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speed (v.)
Old English spedan (intransitive) "to succeed, prosper, grow rich, advance," from the stem of speed (n.). Compare Old Saxon spodian, Middle Dutch spoeden "hasten," Old High German spuoton "to succeed, prosper," German sputen "make haste, hurry." Meaning "to go hastily from place to place, move rapidly" is attested from c. 1200. Transitive meaning "cause to advance toward success" is from mid-13c.; that of "send forth with quickness, give a high speed to" is first recorded 1560s; that of "to increase the work rate of" (usually with up) is from 1856. Meaning "drive an automobile too fast" is from 1908. Related: Speeded; sped; speeding.
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bump (v.)

1560s, "to bulge out;" 1610s, "to strike heavily, cause to come into violent contact," perhaps from Scandinavian, probably echoic, if the original sense was "hitting" then of "swelling from being hit." It also has a long association with the obsolete verb bum "make a booming noise." To bump into "meet by chance" is from 1886; to bump off "kill" is by 1908 in underworld slang. Related: Bumped; bumping. Bumpsy (adj.) was old slang for "drunk" (1610s).

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bump (n.)
1590s, "protuberance caused by a blow;" 1610s as "a dull-sounding, solid blow;" see bump (v.). The dancer's bump and grind attested from 1940. To be like a bump on a log "silent, stupidly inarticulate" is by 1863, American English.
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speed (n.)

Old English sped "success, a successful course; prosperity, riches, wealth; luck; opportunity, advancement," from Proto-Germanic *spodiz (source also of Old Saxon spod "success," Dutch spoed "haste, speed," Old High German spuot "success," Old Saxon spodian "to cause to succeed," Middle Dutch spoeden, Old High German spuoten "to haste"), from PIE *spo-ti-, from root *spes- or *speh- "prosperity" (source also of Hittite išpai- "get full, be satiated;" Sanskrit sphira "fat," sphayate "increases;" Latin spes "hope," sperare "to hope;" Old Church Slavonic spechu "endeavor," spĕti "to succeed," Russian spet' "to ripen;" Lithuanian spėju, spėti "to have leisure;" Old English spōwan "to prosper").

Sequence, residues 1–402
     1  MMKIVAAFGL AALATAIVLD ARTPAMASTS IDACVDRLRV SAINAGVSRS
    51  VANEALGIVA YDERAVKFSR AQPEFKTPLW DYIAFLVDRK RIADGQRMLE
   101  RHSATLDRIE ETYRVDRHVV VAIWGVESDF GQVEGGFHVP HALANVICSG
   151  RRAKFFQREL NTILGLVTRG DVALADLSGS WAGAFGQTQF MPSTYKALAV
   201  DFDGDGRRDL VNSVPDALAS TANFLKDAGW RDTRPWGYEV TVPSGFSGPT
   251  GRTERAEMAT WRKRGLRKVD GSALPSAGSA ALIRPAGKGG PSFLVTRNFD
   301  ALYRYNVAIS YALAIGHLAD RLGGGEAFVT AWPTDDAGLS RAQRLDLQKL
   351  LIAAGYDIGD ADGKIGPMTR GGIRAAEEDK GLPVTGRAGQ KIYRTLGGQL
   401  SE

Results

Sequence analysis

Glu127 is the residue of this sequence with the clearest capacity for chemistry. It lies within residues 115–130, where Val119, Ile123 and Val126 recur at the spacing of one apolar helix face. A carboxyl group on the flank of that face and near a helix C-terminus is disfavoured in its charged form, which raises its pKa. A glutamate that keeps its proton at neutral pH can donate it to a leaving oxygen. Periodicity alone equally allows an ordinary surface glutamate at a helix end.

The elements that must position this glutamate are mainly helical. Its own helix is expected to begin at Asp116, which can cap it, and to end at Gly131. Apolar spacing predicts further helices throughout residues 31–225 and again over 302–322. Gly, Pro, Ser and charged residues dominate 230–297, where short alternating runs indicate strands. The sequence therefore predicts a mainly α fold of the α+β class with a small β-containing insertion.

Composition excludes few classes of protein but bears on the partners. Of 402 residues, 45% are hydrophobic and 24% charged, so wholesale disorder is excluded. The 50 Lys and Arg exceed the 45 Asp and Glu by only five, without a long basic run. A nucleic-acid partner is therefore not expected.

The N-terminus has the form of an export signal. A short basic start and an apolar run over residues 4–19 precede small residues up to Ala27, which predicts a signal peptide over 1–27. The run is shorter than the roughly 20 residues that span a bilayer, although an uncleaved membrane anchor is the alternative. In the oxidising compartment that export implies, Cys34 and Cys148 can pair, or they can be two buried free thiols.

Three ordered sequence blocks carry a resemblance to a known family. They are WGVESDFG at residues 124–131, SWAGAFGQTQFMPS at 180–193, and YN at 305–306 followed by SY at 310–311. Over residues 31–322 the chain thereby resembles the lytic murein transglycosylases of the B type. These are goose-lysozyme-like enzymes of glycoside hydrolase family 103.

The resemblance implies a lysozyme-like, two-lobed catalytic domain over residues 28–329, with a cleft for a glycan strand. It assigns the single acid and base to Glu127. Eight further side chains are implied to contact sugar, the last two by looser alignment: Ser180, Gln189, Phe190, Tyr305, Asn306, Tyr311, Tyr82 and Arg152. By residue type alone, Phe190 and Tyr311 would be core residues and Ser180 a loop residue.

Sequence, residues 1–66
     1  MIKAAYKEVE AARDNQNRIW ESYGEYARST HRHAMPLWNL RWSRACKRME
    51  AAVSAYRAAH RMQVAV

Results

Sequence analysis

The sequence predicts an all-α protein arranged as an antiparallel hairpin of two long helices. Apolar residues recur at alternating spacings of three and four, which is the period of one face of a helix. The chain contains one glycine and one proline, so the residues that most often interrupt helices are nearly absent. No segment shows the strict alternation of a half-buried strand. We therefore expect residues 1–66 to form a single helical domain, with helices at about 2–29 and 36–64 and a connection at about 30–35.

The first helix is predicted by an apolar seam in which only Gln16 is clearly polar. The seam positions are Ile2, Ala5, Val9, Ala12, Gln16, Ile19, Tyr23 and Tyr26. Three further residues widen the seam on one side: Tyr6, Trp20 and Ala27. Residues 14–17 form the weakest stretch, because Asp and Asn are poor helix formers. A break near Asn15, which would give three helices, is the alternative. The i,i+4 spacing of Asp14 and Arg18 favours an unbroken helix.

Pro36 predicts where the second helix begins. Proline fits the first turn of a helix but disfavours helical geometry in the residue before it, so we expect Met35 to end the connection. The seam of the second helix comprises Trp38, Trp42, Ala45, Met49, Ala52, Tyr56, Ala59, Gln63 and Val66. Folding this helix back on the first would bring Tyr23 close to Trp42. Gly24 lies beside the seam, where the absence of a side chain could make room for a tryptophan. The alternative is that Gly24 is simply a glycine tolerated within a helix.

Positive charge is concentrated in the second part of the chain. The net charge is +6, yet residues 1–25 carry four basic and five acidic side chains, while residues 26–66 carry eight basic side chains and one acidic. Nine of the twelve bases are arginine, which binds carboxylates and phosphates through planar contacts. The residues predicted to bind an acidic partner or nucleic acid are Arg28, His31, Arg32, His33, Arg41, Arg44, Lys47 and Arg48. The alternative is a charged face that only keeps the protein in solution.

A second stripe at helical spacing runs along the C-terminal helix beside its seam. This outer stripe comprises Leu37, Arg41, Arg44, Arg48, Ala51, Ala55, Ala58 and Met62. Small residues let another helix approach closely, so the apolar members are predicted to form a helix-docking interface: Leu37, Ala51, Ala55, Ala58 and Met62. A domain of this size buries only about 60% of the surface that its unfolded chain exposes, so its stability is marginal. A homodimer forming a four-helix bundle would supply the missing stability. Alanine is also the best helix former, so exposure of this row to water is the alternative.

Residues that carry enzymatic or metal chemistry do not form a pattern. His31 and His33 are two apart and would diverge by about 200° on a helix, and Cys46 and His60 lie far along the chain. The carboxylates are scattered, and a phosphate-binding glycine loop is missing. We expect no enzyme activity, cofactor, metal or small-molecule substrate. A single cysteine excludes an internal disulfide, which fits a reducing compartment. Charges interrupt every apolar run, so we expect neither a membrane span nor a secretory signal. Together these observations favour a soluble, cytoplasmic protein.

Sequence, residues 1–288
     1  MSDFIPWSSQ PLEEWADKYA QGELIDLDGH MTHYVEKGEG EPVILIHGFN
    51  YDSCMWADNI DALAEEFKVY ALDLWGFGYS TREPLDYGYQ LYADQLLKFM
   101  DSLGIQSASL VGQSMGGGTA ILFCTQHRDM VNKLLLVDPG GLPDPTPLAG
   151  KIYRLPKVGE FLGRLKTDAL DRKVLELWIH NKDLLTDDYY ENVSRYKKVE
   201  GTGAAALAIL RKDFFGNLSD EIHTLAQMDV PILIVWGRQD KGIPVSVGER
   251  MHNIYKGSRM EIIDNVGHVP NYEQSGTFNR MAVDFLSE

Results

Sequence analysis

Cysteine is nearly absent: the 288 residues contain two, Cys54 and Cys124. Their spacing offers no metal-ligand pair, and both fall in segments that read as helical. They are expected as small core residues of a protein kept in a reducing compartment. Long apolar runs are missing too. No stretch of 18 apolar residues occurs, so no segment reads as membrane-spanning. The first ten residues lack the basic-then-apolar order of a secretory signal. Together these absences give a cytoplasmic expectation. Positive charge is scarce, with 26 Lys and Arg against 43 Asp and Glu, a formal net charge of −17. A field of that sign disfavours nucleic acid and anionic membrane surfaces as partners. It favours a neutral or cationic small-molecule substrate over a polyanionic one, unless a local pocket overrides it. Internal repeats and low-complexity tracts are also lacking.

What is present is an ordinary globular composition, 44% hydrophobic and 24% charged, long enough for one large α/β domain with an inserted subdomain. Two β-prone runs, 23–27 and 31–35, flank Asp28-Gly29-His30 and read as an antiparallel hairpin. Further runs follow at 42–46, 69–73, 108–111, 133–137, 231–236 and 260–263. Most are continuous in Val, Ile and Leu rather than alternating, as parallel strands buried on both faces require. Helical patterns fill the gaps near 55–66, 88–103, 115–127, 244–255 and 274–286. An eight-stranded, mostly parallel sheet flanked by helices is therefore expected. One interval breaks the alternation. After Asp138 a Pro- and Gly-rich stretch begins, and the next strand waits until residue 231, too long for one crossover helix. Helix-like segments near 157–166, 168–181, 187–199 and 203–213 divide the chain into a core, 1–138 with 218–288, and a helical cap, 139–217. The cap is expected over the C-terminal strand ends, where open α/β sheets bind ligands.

Meaning "rapidity of movement, quickness, swiftness" emerged in late Old English (at first usually adverbially, in dative plural, as in spedum feran). Meaning "rate of motion or progress" (whether fast or slow) is from c. 1200. Meaning "gear of a machine" is attested from 1866. Meaning "methamphetamine, or a related drug," first attested 1967, from its effect on users.

Speed limit is from 1879 (originally of locomotives); speed-trap is from 1908. Speed bump is 1975; figurative sense is 1990s. Full speed is recorded from late 14c. Speed reading first attested 1965. Speedball "mix of cocaine and morphine or heroin" is recorded from 1909.

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high-speed (adj.)
1856, originally of railroad engines, from high (adj.) + speed (n.).
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tachometer (n.)
speed-measuring instrument, 1810, coined by inventor, Bryan Donkin, from tacho- "speed" + -meter. Related: Tachometry.
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tacho- 
word-forming element meaning "speed," from Latinized form of Greek takho-, combining form of takhos "speed, swiftness, fleetness, velocity," related to takhys "swift," of unknown origin.
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Mach 
measure of speed relative to the speed of sound (technically Mach number), 1937, named in honor of Austrian physicist Ernst Mach (1838-1916).
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tuber (n.)
"thick underground stem," 1660s, from Latin tuber "edible root, truffle; lump, bump, swelling," from PIE *tubh-, from root *teue- "to swell."
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